Millennium Post

Saddled with golden irony

The main entrance of the Reserve Bank of India’s  (RBI) office on Parliament Street in New Delhi is guarded by two massive figures of Yaksha and Yakshini, the mythical figures who guard the immense divine wealth. The larger-than-life statutes in sandstone are the works of the famous sculptor Ramkinkar Beij. As a sculptor, Ramkinkar has given his creation a look of determination. The irony with Yaksha is that for eternity he is only guarding the wealth; he can never enjoy any of it.

The irony with India is something similar as the mythical Yaksha. For ever India is buying gold. But to no purpose. In fact, we are buying gold much to our national distress. As gold buying is rising, the external deficit is worsening and our standing in the world in going down. Last year, India imported gold to the tune of $60 billion and even if we can by and large wipe out that amount, the trade deficit will look a much more manageable.

On 17 May, Standard and Poor’s, the global rating firm, threatened to downgrade India for its poor economic performance. It cited low growth, high fiscal and current account deficit. Come to think of it, when the country is saddled with bulging trade deficit, Indians were on a frenzy buying gold on the day the Akhshya Trittiya day. So much was the demand for the yellow metal on that day, that gold industry and trading circles all over the world were only talking of Akhsya Trittiya.

In fact, for a while gold imports had stemmed. In the wake of imposition of higher duties on gold imports, imports had somewhat abated. But, this shot up again and when gold prices were falling in the global markets. The frenzy has now reached such proportions that C Rangarajan, chiarman, Prime Minister’s Economic Advisory Council, who had earlier advocated against any hikes in gold import duty on the ground that it would result in higher smuggling, had stated this week that gold imports need to be checked.

The problem is Indian gold purchases appear to be price insensitive. India has a gold pot. So any fall in global gold prices should spark alarm about losses. But no. Indian buyers do not see a price fall in gold as a loss to their huge gold hoard; but it is seen as a fresh opportunity to stack up more gold.

On 17 May as well, gold prices fell in the international markets, as the US economy reported better results and the dollar gained strength. Investors who had put their money into gold are now moving back into equities hoping that risk of economic slowdown had receded and the US economy should recover faster. There is also speculation that the US Federal Reserve could stop its bond buying programme which had helped gold to rise. Thus, gold had fallen by 17 per cent over the past one year and speculators in gold expect the price to fall in course of the coming week as well, as reports from Singapore’s commodity exchanges indicate.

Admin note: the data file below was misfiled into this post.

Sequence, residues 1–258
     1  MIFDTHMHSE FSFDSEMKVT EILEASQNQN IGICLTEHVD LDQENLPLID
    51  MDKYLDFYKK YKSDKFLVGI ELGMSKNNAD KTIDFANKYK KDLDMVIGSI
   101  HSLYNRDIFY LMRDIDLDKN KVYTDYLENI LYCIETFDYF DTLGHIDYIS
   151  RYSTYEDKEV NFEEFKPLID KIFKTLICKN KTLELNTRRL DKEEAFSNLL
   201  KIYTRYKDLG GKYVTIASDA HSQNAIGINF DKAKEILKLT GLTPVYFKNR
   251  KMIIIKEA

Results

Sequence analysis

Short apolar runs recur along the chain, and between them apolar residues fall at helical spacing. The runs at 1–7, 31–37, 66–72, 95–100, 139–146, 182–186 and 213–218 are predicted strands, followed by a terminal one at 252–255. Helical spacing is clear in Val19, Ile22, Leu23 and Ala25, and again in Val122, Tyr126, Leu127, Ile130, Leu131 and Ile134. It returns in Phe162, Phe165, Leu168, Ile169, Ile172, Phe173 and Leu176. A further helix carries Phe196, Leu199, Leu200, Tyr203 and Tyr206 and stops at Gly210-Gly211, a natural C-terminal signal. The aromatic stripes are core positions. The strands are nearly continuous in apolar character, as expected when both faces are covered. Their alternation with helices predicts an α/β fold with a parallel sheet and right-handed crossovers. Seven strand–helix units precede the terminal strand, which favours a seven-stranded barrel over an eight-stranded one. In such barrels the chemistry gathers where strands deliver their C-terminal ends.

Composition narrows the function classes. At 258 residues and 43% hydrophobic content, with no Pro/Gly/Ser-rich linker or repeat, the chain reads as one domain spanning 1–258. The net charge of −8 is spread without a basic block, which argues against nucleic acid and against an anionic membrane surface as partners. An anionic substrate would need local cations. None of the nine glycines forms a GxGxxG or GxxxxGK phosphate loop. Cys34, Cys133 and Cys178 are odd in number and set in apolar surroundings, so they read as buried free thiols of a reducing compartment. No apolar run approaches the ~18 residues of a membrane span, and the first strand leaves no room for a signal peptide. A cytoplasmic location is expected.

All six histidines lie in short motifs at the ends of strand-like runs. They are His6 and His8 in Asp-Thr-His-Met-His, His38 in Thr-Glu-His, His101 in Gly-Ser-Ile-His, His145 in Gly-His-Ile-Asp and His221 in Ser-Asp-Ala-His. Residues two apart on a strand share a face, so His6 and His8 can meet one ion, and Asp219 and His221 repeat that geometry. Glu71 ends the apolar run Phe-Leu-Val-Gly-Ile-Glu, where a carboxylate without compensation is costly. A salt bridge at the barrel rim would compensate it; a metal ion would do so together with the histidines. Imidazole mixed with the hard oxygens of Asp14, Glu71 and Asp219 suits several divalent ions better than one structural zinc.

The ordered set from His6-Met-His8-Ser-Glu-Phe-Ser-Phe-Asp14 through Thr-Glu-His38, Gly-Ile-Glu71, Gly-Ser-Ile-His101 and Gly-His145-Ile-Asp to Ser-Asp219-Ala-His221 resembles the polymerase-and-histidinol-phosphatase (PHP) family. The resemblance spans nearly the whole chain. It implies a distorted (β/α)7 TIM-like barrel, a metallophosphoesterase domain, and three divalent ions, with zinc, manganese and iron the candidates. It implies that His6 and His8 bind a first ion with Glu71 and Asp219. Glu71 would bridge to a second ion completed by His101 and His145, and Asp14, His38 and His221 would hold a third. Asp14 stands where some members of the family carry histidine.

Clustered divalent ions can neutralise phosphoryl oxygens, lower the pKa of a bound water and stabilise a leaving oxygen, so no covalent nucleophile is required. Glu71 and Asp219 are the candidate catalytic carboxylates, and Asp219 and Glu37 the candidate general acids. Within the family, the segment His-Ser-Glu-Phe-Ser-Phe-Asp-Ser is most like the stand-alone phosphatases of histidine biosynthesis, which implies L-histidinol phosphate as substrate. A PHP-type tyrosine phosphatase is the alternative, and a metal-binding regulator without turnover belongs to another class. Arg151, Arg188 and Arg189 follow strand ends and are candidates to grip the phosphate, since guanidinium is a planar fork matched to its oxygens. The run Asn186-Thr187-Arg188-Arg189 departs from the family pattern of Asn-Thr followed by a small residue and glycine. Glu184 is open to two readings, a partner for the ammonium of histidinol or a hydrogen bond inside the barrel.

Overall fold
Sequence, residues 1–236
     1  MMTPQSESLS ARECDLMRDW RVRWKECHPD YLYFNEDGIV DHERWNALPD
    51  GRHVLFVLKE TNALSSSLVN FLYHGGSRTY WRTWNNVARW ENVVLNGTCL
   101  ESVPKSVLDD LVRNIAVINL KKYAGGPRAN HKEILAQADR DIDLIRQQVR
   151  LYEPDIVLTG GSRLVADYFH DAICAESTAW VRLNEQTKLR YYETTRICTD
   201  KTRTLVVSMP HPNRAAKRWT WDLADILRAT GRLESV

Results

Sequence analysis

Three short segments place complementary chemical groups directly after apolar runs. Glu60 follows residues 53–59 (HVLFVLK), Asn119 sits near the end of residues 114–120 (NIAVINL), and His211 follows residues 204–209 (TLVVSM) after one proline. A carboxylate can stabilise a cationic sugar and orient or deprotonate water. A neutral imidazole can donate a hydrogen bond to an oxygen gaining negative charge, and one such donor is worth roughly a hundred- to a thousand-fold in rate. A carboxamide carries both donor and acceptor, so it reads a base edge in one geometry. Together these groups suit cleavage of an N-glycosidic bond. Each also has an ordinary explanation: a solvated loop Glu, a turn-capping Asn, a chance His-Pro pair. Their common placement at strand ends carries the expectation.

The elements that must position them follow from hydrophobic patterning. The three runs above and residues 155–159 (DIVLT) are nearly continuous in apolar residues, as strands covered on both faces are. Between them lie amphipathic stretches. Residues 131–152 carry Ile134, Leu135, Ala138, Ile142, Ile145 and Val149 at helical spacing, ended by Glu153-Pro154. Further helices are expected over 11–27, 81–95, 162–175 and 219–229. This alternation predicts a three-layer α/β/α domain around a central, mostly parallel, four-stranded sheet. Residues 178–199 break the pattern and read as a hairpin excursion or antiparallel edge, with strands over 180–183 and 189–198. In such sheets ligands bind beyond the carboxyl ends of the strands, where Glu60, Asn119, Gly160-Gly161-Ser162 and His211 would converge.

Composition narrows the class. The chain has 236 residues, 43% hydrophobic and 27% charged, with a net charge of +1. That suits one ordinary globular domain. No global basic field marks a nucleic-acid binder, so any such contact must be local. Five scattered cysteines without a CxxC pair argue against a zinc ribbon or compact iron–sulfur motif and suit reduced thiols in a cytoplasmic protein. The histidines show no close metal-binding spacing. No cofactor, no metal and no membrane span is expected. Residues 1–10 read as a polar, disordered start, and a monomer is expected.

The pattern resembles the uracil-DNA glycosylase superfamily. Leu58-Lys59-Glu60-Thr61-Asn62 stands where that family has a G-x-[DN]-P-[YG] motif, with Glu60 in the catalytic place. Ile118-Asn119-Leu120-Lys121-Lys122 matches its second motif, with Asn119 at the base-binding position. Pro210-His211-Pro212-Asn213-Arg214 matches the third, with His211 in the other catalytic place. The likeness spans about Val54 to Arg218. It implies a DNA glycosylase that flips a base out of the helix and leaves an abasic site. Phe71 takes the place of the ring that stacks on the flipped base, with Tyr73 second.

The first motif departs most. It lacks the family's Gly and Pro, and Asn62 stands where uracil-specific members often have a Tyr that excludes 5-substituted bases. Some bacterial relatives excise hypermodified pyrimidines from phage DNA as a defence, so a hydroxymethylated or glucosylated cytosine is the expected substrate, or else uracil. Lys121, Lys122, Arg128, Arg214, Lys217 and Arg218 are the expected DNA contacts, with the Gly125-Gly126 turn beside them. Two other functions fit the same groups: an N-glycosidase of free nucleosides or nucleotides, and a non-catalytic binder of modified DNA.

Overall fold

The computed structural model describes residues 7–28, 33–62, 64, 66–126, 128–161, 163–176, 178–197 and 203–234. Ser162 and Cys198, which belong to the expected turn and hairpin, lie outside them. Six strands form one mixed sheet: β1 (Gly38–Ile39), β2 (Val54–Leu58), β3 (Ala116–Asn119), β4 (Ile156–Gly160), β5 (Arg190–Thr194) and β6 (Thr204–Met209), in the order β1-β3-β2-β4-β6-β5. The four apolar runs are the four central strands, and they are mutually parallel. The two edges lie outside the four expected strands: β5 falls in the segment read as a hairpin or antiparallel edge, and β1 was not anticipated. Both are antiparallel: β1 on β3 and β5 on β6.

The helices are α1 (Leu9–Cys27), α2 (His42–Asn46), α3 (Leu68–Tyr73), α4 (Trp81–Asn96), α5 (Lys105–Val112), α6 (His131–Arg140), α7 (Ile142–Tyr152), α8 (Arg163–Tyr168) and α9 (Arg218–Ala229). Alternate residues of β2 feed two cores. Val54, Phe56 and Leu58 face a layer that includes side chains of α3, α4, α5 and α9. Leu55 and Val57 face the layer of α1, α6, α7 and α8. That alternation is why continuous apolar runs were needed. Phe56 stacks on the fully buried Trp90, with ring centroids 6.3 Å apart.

Global gold demand has two aspects. One is speculative and investment demand, where commodity investors move in and out of it in expectation of profit on price trends. The other is physical demand, which is, in effect, demand for gold bars or coins or jewellery. The current fall in gold prices have been triggered by fall in speculative demand for gold since alternative investment avenues were looking more lucrative.

From the global market perspective, gold seems to have fractured the world in two separate categories.

While Europe and the advanced economies are selling gold, India, China and Middle East are buying. In the absence of the buying from these countries, gold prices would have crashed to historic lows. Gold demand fell 13 per cent to a three-year low of 963 tonnes in the first quarter, as rising jewellery demand and strong appetite for coins and bars failed to offset a sharp drop in investment, the World Gold Council said in its report. However, physical gold demand is soaring in India, China and Middle East. Premiums quoted in India on gold bars were as high as $5 an ounce, a Bloomberg report stated. Premiums for gold bars in Hong Kong, the main source of gold for China, hit record highs this week on supply constraints.

‘Premiums for gold kilo bars have increased quite substantially. In Asia, gold bars are hard to come by,’ Bloomberg had quoted some market. These figures only prove the divergence in gold demand between advanced countries and the three select regions.

If China or Middle East countries can afford to play out their fancies with gold, India can hardly afford this utterly distractive social preference. An all-out effort is needed to wean away the average Indian from his gold obsession. There should be some efforts to build the profile of India’s gold buyers. Physical gold purchases are no longer from the wealthy. Gold is purchased by the middle class and those who can be said to be in the lower middle income brackets.

Gold purchases should be made more difficult by imposing taxes and insistence on OAN numbers and other details from buyers. At least, the public sector banks should be forbidden from selling gold. Some RBI moves have already been taken.

Gold baggage allowance should be curbed. This can no longer be shied away on the ground that restrictions will result in increased smuggling. It looks as though the risks of higher smuggling and need for higher surveillance are better options than allowing such free imports of gold. IPA
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